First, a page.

At right, John Mulligan, executive vice president and chief financial officer of Target Corp., hears from his attorney before the start of a Senate Judiciary Committee hearing earlier this month on the data breach. (Andrew Harrer/Bloomberg)

It took Target  a week  to tell customers about a massive data breach that had compromised the privacy of millions of shoppers during the holiday season. Neiman Marcus waited 10 days to tell customers after confirming last month that it had been victim to a similar attack.

The delays angered consumer advocates, but were not unusual. When companies must notify consumers of breaches, how they notify them and how much they disclose is governed by a dizzying mosaic of state laws.

The Securities and Exchange Commission has said public companies hit with breaches should inform consumers in a timely manner — as long as doing so doesn’t interfere with law enforcement investigations. But there is no national law that compels retailers or any firm to disclose a data breach.

With law enforcement warning retailers that more attacks are likely to come soon, there is a growing push in Congress to develop a federal standard of how companies should handle breaches.

“Today, consumers across the country aren’t uniformly protected. Rather, they’re subject to a patchwork of state rules and guidelines that are not effective enough in today’s national economy,” said Sen. Tom Carper (D-Del.), who has co-sponsored a bill with Sen. Roy Blunt (R-Mo.) to provide a comprehensive national framework.

The bill would require companies to safeguard their data, assess what harm a breach may do, notify appropriate federal agencies of breaches and, when appropriate, notify consumers of all breaches that affect more than 5,000 customers.

It’s just one of several competing bills that have been introduced this session, inspired by the recent retail hacks.

The retail industry supports developing a national standard — though it hasn’t endorsed a single bill — saying that a national standard would greatly simplify procedures in case of a breach. Right now, companies must deal with a patchwork of laws in 46 states, plus the District of Columbia, Guam, Puerto Rico and the Virgin Islands.

Each state’s law has its own idiosyncracies. For example, Maryland requires that a retailer list the contact information of the state attorney general when there is a breach of personal information. Massachusetts residents must be told they can get a police report if they’re a victim of ID theft. Iowa requires businesses to suggest reporting suspected ID theft to law enforcement; Oregon mandates companies they also be told to contact the Federal Trade Commission.

Few laws address specific timing. A handful of states say that retailers have 45 days to disclose a breach, though there are separate and more stringent rules for breaches of more sensitive information such as health data. In many states, including Virginia, companies are exempted from reporting breaches if their data are encrypted and the leak did not include the decryption key.

“It is an analytical feat to comply with all of them,” said Lisa Sotto, partner and head of the Global Privacy and Cybersecurity practice at Hunton & Williams LLP.

Having so many laws also means consumers can fall through the cracks, consumer advocates said.

“It’s a national issue and it demands a federal response,” said Delara Derahkshani, policy counsel for Consumers Union. A strong federal law would provide much-needed protection to consumers, she said — particularly in Alabama, Kentucky, New Mexico and South Dakota, which have no such laws.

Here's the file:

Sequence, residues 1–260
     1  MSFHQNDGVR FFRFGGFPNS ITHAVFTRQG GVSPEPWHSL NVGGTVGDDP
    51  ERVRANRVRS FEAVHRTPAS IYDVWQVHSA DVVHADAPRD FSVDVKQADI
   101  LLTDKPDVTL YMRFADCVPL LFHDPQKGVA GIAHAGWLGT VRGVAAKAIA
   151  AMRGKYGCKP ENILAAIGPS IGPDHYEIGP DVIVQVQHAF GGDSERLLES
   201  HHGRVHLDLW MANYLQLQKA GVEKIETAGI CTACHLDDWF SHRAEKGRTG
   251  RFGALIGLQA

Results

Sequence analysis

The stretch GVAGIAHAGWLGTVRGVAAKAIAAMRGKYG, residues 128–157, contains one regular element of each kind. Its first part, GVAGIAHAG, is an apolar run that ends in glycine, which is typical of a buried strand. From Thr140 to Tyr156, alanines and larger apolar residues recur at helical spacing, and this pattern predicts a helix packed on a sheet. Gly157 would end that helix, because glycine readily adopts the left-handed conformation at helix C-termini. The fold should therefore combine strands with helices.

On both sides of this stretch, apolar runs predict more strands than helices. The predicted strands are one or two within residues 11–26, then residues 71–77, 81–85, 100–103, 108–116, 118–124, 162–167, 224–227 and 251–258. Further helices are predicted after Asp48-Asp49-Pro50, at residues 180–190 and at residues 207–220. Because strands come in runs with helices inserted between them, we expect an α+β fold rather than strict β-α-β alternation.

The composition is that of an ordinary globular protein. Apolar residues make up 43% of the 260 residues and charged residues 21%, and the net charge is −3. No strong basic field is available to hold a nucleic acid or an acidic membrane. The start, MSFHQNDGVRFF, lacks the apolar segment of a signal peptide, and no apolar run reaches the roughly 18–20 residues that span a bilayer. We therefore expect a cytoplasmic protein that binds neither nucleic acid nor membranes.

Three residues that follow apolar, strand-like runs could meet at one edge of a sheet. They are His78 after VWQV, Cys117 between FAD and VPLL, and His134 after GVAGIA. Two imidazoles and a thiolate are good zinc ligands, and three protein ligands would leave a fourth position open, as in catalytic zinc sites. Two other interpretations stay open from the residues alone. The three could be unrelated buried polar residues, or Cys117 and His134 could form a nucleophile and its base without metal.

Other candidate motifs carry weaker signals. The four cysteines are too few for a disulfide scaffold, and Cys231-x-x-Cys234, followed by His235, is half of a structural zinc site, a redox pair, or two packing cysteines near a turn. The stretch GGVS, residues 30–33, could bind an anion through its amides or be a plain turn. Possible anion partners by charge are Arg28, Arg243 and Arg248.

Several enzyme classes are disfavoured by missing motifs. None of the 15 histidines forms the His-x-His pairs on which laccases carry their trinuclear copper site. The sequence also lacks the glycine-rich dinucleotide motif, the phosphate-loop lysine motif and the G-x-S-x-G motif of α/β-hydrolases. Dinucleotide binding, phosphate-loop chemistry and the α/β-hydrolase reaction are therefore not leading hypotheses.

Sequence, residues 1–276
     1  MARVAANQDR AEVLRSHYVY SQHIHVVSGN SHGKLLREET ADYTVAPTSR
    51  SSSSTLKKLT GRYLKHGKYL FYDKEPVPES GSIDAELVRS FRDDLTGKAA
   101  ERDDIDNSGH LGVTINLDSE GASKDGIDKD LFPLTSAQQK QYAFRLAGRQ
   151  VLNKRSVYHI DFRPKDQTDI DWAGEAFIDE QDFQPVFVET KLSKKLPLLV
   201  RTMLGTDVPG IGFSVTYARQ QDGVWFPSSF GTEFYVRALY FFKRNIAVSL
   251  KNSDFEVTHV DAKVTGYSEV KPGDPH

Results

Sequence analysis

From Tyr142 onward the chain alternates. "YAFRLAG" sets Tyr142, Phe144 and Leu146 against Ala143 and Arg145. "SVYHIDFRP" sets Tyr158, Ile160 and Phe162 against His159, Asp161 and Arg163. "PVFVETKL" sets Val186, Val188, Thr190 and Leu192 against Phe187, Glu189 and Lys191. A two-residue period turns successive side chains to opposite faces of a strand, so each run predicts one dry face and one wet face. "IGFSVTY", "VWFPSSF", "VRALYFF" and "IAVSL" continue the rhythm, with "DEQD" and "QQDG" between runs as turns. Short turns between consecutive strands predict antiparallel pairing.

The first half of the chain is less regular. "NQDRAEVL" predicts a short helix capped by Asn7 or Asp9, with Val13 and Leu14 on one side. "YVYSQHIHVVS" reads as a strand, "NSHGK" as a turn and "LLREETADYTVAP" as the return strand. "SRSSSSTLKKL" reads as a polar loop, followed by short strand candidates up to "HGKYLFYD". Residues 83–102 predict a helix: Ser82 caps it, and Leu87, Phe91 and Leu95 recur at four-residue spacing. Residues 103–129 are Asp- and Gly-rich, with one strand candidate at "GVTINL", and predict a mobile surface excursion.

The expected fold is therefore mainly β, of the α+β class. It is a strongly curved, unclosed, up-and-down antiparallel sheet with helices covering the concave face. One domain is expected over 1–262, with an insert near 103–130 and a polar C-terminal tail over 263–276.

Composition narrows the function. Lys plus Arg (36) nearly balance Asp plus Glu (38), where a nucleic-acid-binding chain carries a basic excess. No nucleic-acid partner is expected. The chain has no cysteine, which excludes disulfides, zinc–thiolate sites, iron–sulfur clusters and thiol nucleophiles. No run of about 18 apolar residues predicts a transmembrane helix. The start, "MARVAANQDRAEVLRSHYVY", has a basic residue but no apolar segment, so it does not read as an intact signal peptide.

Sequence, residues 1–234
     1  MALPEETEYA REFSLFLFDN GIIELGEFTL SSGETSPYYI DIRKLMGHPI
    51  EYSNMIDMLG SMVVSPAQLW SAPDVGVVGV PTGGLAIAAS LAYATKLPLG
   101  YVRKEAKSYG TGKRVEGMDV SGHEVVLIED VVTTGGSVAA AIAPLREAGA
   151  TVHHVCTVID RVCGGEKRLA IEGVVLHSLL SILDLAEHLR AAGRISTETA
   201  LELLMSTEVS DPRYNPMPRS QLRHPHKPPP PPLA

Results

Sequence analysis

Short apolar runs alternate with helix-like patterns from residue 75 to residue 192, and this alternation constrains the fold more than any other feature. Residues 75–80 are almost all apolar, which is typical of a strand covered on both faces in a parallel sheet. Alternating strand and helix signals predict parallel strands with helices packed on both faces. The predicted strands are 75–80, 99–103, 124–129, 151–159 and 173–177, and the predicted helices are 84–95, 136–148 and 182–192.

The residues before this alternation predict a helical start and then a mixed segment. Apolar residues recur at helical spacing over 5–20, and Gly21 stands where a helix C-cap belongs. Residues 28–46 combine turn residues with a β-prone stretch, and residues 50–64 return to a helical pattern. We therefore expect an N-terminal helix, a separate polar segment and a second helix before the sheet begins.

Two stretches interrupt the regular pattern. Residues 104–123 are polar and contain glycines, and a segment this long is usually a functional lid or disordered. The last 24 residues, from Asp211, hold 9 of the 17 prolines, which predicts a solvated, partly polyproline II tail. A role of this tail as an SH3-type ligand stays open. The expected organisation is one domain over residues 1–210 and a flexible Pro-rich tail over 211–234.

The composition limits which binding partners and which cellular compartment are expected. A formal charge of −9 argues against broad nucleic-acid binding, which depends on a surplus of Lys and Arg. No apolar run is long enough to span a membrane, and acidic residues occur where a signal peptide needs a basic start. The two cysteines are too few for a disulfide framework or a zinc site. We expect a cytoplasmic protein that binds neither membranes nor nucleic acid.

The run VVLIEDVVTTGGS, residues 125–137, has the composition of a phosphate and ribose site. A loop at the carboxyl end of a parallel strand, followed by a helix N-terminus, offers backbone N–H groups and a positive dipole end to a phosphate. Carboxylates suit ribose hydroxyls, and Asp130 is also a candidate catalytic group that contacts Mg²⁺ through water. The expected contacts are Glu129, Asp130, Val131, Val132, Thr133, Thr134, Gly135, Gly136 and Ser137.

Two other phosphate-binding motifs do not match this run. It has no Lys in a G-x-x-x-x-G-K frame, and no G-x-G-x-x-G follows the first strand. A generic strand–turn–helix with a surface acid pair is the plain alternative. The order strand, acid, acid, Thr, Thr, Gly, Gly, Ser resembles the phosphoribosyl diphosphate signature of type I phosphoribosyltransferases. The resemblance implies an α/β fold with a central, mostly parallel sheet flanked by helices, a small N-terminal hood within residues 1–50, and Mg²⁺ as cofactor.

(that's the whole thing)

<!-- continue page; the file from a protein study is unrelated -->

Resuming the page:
Still, some security experts caution that a federal law would only solve part of the problem — and potentially give companies a way to ignore the problems with their security standards.

“The hackers and technology are going to move faster than any kind of standards that any well-intentioned, well-meaning bureaucrat can put together,” said Tom Ridge, former secretary of the U.S. Department of Homeland Security. “That may make you feel good, but I dare say it won’t go very far in making that company or your country more secure from cyberattacks.”

Ridge, who has founded a security consulting firm with former presidential cybersecurity advisor Howard Schmidt, said deeper issues are at stake. Competing companies and the government must share more information on emerging threats to detect attacks earlier, he said. And companies, he added, must also invest time and effort into detecting and reacting to attacks as they happen.

Carper (D-Del.), in a statement, said that his bill to institute a national notification law isn’t supposed to be a one-size-fits all solution, but provides a much-needed backdrop on which others may build.

“It requires that these policies and procedures are appropriate to the sensitivity of the information the entity is collecting, as well as the size and complexity of the entity itself,” Carper said in a statement to The Washington Post.

But security experts worry too many standards could force companies to issue hurried disclosures before fully understanding the scope and impact of a breach.

“We used to be able to have time to do an investigation before we ran out and scared millions of people,” said Sotto.

With the numbers of cyberattacks on the rise and gaining wider attention, it’s become clear that even in the absence of a law, businesses must act more quickly to placate angry customers, consumer advocates said.

“Folks aren’t going to use technology, or engage in commerce if they can’t put their trust in it,” Derahkshani said. “It’s in everyone’s best interest for this problem to be addressed.”